No, Liz Cheney isn’t Abraham Lincoln
“It’s a slip, not a fall,” Abraham Lincoln said after his loss in his legendary 1858 Illinois Senate contest against Stephen Douglas. Liz Cheney apparently has the same attitude after her nearly 40-point wipeout in her primary last week. In lieu of a traditional concession speech, the Wyoming congresswoman and daughter of the former vice president delivered a picturesque, made-for-TV call to arms invoking Abraham Lincoln and Ulysses S. Grant.
Cheney had a choice after Jan. 6 between political viability, which would have involved modulating her outrage over Trump’s “Stop the Steal” campaign, or political selfimmolation. She chose a spectacular act of immolation — illuminating the night sky like the nuclear reactor at the outset of the HBO miniseries “Chernobyl.” Hers was an admirable loss. It is rare that any elected official is willing to sacrifice his or her office over a matter of deeply felt principle. That said, she has undoubtedly cut herself off from the possibility of having a positive influence on the direction of the Republican Party via electoral politics, no matter how much she might want to think of her defeat as 1858 redux. Lincoln’s run against Douglas for the Senate wasn’t a suicide mission. He came very close to winning and represented a rising political movement. His subsequent bid for the Republican presidential nomination in 1860 was a long shot, but he was a serious figure who had gained a national reputation and was comfortably in the middle of his party’s consensus. Cheney, a pariah within her own party, is differently situated. Plus, strategically and temperamentally, she is not Lincolnian. Although he had firm principles, Lincoln was always a political pragmatist and fundamentally a party man willing to maneuver as necessary. Cheney’s post-Jan. 6 approach bears less resemblance to Lincoln’s than to that of William Lloyd Garrison, the uncompromising abolitionist publisher who took unabashedly radical and unpopular positions and expected the world to move toward him. As it happens, the world did move toward Garrison, but in the meantime, he wasn’t running for office. There is zero case for Cheney attempting to go from the role of prophet without honor within her party to Republican vote-getter again.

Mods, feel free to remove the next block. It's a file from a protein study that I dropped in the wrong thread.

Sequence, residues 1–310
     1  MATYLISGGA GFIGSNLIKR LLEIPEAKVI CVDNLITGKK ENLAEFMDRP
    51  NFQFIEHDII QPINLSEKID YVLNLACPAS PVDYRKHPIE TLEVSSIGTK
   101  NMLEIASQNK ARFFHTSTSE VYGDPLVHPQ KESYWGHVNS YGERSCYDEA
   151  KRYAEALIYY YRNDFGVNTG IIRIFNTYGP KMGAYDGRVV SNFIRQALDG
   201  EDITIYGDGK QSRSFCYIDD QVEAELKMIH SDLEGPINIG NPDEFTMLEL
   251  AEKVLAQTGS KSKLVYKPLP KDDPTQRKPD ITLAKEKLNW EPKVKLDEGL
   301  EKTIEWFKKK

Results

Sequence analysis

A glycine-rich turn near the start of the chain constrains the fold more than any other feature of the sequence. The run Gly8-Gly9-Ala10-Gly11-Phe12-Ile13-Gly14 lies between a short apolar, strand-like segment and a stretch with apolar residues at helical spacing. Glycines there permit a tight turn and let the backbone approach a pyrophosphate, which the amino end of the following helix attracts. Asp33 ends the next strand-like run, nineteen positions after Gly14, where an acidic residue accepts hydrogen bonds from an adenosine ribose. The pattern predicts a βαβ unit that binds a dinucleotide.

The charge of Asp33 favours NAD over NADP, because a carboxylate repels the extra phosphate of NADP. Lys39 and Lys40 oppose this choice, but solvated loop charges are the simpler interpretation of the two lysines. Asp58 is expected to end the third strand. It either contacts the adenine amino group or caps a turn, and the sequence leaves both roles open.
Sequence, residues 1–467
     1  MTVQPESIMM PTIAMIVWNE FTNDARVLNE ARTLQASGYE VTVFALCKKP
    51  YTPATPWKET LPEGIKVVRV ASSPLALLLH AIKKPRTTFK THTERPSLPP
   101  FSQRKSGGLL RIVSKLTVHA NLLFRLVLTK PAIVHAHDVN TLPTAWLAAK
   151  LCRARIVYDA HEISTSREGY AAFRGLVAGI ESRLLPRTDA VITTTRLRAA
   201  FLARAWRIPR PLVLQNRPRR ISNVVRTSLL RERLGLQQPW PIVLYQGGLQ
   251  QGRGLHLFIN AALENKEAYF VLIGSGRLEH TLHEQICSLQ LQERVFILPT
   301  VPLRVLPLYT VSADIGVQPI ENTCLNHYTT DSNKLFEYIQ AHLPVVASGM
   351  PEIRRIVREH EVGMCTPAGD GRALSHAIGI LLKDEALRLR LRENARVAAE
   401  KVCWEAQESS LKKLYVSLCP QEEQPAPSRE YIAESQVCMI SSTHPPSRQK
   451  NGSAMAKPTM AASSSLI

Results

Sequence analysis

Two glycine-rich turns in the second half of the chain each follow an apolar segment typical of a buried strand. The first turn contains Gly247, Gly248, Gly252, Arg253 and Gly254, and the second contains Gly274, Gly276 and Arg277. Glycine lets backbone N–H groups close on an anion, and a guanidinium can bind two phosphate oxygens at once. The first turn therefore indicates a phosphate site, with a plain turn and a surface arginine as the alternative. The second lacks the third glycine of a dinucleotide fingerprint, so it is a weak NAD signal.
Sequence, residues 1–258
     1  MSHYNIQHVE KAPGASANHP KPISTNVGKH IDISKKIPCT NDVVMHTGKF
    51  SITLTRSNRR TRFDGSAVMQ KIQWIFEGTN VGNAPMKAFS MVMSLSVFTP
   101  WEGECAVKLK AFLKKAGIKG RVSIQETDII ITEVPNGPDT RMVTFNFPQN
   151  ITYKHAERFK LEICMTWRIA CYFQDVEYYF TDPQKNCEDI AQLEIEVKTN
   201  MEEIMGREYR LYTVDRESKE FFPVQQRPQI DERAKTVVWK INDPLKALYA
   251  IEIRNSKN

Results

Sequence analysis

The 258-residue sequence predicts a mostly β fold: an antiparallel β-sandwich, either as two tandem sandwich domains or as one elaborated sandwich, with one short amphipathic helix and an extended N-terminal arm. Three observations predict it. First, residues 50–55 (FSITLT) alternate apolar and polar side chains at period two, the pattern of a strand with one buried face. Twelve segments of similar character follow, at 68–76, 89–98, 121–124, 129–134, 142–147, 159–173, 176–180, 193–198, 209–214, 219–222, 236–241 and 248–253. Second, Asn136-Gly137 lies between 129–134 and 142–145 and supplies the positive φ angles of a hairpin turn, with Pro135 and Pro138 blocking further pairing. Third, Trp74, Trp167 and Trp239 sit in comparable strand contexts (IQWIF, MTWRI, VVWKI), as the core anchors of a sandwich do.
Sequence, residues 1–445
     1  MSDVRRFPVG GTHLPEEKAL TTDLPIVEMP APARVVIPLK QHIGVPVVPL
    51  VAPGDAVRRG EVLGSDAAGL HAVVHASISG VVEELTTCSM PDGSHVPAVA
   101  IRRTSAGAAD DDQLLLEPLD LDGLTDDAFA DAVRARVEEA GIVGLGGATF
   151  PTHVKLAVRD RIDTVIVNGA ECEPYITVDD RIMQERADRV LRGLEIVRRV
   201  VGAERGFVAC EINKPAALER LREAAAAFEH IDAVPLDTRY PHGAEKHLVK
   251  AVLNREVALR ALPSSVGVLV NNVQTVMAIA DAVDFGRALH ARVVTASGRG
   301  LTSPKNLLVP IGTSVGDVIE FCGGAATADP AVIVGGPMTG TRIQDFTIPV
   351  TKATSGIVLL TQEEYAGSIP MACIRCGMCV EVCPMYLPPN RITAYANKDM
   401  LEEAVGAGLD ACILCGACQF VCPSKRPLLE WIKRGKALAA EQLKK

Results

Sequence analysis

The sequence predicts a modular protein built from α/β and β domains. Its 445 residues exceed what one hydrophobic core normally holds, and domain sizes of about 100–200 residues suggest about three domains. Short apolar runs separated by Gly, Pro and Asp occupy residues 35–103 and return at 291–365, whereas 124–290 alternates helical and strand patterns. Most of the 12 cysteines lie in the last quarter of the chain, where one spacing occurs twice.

It’s difficult to overstate the magnitude of Cheney’s collapse. She went from winning her primary with 73% of the vote in 2020, to garnering a mere 29% that was heavily dependent on Democratic crossover votes. Cheney’s alienation from her party is likely to build on itself. Already, she has said that she’d “find it very difficult” to support Gov. Ron DeSantis, the leading Republican alternative to Trump. In so doing, she is identifying herself with a fraction of a fraction of the party that is so small it is all but nonexistent. Even if Cheney ran in the 2024 primary and got some traction, she’d only be taking voters from some other more viable alternative to Trump.
An independent run wouldn’t make any more sense. Again, if Cheney became a factor, the chances are that she’d be a place for Republicans repulsed by Trump to park their votes rather than go all the way continued from page
to Biden. Just as with a prospective primary run, she’d be helping Trump at the margins.
Captain Ahab may have made a few mistakes in judgment in his stewardship of the Pequod, but at least he never allowed himself to affirmatively assist his great adversary, the White Whale.
One thing that’s been remarkable about Cheney’s performance the last couple of years is how apparently clear-eyed she’s been about what it means for her future in the House of Representatives, namely that she wouldn’t have one. In contrast, a presidential run of any sort would be giving in to delusion. If Lincoln was dogged, he was never fanciful. Cheney should realize that she’s taken a path that, whatever its other advantages, doesn’t end in electoral vindication.
Rich Lowry is editor of the National Review.